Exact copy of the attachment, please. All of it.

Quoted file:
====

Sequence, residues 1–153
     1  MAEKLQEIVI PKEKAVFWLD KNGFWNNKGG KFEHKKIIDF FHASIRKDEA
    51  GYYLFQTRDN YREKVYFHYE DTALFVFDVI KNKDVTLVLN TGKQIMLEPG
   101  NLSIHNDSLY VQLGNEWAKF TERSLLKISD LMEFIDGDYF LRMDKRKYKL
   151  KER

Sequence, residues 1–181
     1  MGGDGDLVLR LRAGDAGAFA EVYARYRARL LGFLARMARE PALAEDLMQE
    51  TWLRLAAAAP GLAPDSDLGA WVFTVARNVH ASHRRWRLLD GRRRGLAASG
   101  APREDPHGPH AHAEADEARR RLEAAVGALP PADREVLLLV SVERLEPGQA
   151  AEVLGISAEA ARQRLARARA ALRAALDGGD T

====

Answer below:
Sequence, residues 1–153
     1  MAEKLQEIVI PKEKAVFWLD KNGFWNNKGG KFEHKKIIDF FHASIRKDEA
    51  GYYLFQTRDN YREKVYFHYE DTALFVFDVI KNKDVTLVLN TGKQIMLEPG
   101  NLSIHNDSLY VQLGNEWAKF TERSLLKISD LMEFIDGDYF LRMDKRKYKL
   151  KER

Sequence, residues 1–181
     1  MGGDGDLVLR LRAGDAGAFA EVYARYRARL LGFLARMARE PALAEDLMQE
    51  TWLRLAAAAP GLAPDSDLGA WVFTVARNVH ASHRRWRLLD GRRRGLAASG
   101  APREDPHGPH AHAEADEARR RLEAAVGALP PADREVLLLV SVERLEPGQA
   151  AEVLGISAEA ARQRLARARA ALRAALDGGD T